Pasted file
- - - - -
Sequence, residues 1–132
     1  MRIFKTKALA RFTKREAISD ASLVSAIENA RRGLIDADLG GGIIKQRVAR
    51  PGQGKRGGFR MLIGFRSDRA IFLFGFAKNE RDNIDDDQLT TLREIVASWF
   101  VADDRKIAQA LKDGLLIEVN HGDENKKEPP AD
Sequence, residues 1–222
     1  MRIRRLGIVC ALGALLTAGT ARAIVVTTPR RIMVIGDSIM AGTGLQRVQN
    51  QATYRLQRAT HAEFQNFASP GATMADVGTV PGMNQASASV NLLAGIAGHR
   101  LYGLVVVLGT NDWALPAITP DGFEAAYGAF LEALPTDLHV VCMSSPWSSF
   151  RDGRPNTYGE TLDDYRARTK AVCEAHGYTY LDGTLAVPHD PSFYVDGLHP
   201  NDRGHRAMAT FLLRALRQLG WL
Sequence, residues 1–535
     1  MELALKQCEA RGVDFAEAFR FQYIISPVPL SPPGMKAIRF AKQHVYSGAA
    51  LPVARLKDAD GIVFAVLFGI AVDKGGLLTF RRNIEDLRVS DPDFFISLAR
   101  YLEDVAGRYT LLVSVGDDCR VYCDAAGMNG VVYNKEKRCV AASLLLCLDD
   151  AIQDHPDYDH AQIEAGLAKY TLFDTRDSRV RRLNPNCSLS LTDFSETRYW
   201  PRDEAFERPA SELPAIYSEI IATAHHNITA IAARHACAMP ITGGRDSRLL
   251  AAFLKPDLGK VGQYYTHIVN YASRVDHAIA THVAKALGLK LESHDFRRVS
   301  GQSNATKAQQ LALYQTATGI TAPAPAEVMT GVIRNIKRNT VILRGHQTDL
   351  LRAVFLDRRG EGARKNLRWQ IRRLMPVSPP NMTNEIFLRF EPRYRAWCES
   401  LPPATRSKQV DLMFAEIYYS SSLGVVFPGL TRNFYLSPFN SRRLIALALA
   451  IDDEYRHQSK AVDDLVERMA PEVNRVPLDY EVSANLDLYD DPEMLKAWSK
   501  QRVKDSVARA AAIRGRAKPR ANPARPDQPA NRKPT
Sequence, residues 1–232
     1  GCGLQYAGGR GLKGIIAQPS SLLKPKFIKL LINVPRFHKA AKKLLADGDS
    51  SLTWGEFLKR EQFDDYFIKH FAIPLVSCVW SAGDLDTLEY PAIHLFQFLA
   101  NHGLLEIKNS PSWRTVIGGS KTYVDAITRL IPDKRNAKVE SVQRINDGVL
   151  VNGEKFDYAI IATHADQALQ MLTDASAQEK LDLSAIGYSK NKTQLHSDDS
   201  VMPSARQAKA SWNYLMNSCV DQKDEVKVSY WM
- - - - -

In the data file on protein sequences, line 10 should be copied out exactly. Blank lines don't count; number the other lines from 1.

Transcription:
   201  NDRGHRAMAT FLLRALRQLG WL